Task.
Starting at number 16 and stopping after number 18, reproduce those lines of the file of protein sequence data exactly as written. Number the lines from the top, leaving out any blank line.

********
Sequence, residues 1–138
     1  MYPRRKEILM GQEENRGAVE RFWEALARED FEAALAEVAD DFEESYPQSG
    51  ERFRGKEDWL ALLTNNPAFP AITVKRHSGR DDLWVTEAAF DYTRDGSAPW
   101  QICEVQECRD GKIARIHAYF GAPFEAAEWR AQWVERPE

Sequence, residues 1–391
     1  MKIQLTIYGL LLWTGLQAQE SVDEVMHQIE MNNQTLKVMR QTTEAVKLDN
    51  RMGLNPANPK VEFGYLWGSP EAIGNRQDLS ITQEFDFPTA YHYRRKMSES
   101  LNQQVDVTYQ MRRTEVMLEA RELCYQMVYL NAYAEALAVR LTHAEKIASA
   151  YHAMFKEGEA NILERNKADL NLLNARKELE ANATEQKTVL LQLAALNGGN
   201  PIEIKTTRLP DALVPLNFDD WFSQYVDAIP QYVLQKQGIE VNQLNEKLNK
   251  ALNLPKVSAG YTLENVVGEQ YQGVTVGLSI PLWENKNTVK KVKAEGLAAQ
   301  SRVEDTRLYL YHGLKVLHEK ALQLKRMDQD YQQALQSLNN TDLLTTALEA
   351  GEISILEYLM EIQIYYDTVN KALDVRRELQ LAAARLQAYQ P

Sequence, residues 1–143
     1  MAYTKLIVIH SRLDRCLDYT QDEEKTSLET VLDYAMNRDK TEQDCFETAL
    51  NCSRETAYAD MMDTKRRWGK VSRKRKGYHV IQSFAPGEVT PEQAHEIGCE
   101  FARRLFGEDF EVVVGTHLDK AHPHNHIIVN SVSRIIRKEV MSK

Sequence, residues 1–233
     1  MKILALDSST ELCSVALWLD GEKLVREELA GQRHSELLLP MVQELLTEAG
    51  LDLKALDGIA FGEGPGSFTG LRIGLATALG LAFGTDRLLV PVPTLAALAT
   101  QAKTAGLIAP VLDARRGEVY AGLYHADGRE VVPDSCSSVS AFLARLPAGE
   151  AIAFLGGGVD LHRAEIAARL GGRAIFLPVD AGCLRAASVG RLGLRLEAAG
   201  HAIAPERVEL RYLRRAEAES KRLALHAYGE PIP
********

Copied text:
    51  NCSRETAYAD MMDTKRRWGK VSRKRKGYHV IQSFAPGEVT PEQAHEIGCE
   101  FARRLFGEDF EVVVGTHLDK AHPHNHIIVN SVSRIIRKEV MSK

Sequence, residues 1–233